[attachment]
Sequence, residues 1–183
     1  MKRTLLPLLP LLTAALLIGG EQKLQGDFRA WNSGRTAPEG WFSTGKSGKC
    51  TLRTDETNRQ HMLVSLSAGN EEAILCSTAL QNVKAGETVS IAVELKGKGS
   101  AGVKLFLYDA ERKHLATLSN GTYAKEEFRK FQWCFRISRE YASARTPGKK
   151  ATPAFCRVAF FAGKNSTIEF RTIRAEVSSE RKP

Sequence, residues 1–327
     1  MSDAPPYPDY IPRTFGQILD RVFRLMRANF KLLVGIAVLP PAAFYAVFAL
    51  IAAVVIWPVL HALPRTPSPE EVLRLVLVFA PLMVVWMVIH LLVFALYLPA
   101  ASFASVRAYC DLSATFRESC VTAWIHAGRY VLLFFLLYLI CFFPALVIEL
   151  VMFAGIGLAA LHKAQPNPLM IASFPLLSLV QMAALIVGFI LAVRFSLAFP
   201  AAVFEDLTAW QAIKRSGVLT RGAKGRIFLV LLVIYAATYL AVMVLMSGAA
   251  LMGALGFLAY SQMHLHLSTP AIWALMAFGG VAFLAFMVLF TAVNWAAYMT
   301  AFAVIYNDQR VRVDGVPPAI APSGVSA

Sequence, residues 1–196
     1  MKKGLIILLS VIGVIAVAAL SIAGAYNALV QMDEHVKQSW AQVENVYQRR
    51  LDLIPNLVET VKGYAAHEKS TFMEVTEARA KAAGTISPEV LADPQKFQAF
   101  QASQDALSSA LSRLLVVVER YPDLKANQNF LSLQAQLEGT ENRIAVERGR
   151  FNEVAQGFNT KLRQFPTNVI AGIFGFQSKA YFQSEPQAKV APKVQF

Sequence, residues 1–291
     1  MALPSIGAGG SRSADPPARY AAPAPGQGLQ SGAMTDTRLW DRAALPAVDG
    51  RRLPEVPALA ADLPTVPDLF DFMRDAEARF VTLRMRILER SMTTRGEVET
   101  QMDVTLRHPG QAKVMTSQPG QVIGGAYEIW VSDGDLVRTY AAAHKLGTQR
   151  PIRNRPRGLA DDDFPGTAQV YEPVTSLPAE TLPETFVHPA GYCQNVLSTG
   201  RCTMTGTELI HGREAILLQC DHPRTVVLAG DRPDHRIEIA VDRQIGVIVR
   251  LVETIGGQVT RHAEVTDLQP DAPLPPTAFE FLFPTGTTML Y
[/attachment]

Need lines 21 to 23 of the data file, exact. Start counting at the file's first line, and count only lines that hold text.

    51  RRLPEVPALA ADLPTVPDLF DFMRDAEARF VTLRMRILER SMTTRGEVET
   101  QMDVTLRHPG QAKVMTSQPG QVIGGAYEIW VSDGDLVRTY AAAHKLGTQR
   151  PIRNRPRGLA DDDFPGTAQV YEPVTSLPAE TLPETFVHPA GYCQNVLSTG